First Aid Advice - What to When Someone is Choking
20 Mar 2019
Published in: Member News
Do you know just how common choking in infants can be? What’s stopping you investing 3 days to attend a first aid course to gain the knowledge and confidence to deal with a medical emergency? Book onto a course today, you may be glad you did.
Last week on our social media platforms we shared the story of MSP Alex Cole-Hamilton who recently resuscitated his 4-year-old daughter, Darcy, using first aid he half-remembered from a Scuba diving first aid course he attended some 25 years ago.
Darcy had swallowed a penny and then stopped breathing. Alex somehow recalled what he’d learned in that first aid course and was able to administer slaps to his daughter’s back which dislodged the coin. Later she needed an operation to remove the coin but, thankfully, is now fully recovered.
Alex says that the two things that stood out most to him when reflecting on the incident afterwards are “firstly, just how common choking in infants can be and secondly, how few people have either the training or the confidence to administer first aid.”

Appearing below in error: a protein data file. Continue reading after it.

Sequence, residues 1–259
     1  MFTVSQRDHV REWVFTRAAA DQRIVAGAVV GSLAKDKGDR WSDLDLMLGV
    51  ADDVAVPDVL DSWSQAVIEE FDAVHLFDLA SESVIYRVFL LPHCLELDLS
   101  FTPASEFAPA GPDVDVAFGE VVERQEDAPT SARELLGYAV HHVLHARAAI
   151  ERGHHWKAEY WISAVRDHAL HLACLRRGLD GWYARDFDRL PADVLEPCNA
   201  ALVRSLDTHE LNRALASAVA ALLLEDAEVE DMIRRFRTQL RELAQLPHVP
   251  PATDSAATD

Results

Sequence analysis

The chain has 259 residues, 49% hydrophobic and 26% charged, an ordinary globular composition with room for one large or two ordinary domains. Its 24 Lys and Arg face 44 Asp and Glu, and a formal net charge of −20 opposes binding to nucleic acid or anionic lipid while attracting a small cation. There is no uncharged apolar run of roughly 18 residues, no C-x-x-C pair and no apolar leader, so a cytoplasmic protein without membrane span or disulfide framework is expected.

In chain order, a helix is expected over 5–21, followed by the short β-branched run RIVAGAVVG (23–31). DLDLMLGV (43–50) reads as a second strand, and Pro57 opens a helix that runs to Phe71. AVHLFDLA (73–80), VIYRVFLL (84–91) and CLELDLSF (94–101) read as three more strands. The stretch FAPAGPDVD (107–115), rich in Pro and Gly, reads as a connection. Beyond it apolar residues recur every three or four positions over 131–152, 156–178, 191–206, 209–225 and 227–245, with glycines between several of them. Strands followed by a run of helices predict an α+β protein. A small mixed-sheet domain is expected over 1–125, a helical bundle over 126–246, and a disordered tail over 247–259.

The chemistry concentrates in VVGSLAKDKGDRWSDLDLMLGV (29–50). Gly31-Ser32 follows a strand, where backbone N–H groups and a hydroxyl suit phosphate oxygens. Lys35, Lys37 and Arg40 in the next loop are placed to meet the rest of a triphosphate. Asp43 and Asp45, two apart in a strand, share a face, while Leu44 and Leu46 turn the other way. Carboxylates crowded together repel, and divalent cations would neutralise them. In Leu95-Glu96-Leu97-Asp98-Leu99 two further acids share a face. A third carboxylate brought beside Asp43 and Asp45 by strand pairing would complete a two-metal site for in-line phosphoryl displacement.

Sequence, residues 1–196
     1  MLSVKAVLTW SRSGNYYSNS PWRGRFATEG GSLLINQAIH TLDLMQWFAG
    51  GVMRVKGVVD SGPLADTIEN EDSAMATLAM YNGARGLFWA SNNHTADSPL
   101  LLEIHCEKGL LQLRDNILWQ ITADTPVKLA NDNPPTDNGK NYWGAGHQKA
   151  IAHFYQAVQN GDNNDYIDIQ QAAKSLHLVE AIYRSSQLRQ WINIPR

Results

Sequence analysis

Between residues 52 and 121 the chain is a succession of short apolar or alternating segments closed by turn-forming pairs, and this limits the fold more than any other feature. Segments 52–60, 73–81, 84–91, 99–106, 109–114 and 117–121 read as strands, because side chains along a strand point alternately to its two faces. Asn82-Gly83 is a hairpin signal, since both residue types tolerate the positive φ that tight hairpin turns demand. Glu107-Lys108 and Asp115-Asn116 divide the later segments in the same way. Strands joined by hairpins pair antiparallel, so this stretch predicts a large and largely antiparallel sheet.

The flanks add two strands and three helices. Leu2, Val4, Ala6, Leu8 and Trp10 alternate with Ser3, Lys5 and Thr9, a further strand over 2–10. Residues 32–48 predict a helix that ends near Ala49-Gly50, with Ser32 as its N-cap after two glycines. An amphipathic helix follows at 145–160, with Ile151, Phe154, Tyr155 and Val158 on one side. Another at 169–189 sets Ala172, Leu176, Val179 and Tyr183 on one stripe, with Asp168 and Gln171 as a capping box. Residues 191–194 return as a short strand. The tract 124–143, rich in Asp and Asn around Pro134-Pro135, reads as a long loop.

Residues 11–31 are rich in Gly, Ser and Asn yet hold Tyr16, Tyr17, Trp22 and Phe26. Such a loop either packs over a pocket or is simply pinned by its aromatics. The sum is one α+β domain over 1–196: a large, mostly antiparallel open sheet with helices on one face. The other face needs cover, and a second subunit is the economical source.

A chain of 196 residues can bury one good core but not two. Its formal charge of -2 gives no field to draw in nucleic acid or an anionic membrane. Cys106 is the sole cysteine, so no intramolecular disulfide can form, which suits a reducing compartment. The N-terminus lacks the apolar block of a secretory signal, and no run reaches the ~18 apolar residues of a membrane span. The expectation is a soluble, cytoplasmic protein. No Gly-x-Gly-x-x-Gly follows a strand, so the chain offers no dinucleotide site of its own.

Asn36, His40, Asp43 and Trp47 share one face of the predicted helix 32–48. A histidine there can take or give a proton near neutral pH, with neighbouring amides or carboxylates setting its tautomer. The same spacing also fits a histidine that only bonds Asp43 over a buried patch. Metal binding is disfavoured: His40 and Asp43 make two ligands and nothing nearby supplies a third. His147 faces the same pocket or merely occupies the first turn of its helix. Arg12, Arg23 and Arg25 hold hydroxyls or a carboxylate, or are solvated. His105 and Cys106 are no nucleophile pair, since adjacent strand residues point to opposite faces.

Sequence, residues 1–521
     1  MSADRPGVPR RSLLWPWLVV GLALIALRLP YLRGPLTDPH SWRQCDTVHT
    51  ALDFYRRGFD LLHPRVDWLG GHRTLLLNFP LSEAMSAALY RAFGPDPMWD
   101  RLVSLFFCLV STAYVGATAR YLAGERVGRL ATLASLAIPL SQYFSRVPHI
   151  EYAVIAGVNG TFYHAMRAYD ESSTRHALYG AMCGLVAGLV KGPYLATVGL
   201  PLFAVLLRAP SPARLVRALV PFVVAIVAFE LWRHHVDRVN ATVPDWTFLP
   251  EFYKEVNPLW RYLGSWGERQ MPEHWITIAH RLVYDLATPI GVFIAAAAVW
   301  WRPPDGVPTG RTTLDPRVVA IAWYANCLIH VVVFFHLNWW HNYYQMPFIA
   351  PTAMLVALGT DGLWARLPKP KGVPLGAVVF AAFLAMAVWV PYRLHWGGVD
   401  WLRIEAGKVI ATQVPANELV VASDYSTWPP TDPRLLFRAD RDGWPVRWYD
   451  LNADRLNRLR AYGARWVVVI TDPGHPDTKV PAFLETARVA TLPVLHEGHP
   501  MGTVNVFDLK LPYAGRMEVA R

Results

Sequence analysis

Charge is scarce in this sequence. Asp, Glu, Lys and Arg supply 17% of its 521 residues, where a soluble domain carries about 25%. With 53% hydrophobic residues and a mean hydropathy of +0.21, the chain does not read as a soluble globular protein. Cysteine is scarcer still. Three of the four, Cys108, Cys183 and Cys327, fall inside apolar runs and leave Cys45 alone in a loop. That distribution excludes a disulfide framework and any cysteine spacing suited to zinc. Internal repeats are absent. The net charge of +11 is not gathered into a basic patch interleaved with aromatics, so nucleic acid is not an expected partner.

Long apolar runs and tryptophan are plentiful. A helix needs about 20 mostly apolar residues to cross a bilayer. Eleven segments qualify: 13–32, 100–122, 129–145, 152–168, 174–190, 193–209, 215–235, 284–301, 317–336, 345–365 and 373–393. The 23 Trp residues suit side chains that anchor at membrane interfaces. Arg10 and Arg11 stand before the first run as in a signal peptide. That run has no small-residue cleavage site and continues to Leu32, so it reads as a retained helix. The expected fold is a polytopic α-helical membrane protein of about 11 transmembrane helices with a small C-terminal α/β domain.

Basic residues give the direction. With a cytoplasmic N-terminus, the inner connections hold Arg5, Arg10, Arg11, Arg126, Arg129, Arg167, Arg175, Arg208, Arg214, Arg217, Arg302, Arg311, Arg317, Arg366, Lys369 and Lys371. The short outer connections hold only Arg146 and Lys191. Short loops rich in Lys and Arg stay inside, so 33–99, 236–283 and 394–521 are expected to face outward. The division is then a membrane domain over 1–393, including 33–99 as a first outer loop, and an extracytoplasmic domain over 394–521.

He goes on to say, “so get informed, I hope you’ll never need it, but if crisis hits, you’ll be glad you did.”
We would echo Alex’s sentiments that receiving first aid training is the best option for everyone.
Our top tips for a person who is choking are: -
If the airway is only partially blocked, the person should be able to talk, cry, cough or breathe, so they should be able to clear the object without intervention.
But try to encourage the person to keep coughing to try to clear the blockage and ask them to try to spit out the item if they can.
If coughing doesn't work, start to administer blows to the back, using a flat hand, between the shoulder blades. Watch our choking video tips that were part of our ‘First Aid for Christmas’ series here:
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